A large portion of his practice is also devoted to contract negotiations on behalf of union clients, representing such clients in grievance arbitration/ contract disputes, and otherwise advising union leaders on labor and employment matters.  Michael also has significant experience in the realm of interest arbitration on behalf of the firm’s law enforcement and firefighter unions. As a result of the firm’s robust labor and employment practice, Michael regularly appears before various state agencies, such as the New Jersey Civil Service Commission, the New Jersey Division of Pensions and Benefits, the State Health Benefits Commission, and NJ PERC. In addition to representing labor unions and active employees, Michael also represents retirees before the Division of Pensions in disability retirement applications, both ordinary and accidental disability retirement, in pension forfeiture actions, and in other miscellaneous pension disputes. He also counsels private business and their principals in contract and employment law, in addition to representing their interests in civil litigation. Michael has a track record of obtaining favorable outcomes for his clients and treats each everyone of them on an individual and particularized basis in accordance with their needs.

Before joining the firm in August of 2015, Michael was an associate counsel at a civil litigation firm out in Trenton, New Jersey, where he principally focused his practice around employment law and tort claims litigation. Prior to that, he served as a law clerk in the Superior Court of New Jersey for the Honorable F. Patrick McManimon, Mercer County Vicinage, from September of 2012 to August of 2013, where he attained significant experience in the realm of alternative dispute resolution having mediated well-over one-hundred cases, primarily related to commercial and residential landlord/ tenant disputes and contract/ business litigation. He earned his Juris Doctorate in 2012 after graduating from the Western Michigan University-Thomas M. Cooley School of Law. In 2007, he earned his Bachelor of the Arts in Criminal Justice and Public Administration from Kean University where he was a member of the Kean University baseball team and vice president of the Alpha Phi Sigma chapter of the National Criminal Justice Honor Society.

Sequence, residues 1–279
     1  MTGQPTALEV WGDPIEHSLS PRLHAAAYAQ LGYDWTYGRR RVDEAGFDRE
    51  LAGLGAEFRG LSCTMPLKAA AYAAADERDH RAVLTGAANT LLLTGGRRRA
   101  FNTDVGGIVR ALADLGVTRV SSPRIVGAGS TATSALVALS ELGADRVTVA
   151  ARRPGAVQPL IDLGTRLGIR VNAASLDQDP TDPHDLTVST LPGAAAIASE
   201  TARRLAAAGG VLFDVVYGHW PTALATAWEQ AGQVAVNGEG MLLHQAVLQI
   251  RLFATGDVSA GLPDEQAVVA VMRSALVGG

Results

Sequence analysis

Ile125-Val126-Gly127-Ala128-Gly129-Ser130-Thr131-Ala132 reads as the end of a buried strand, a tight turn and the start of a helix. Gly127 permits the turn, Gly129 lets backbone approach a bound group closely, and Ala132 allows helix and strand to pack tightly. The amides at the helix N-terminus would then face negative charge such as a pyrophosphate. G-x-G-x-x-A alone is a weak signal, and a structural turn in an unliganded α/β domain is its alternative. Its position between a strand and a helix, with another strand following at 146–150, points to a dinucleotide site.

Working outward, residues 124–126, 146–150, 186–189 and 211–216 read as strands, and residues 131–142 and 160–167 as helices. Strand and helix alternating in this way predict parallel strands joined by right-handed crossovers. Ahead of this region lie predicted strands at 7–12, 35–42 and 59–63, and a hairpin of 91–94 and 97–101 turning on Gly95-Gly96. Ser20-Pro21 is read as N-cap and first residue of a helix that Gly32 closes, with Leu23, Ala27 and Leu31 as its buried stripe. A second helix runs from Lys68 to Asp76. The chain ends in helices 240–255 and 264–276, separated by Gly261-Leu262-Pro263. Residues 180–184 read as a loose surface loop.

Michael is admitted to the New Jersey State Bar, the United States Federal Court for the District of New Jersey, and is a member of the Mercer County Bar Association.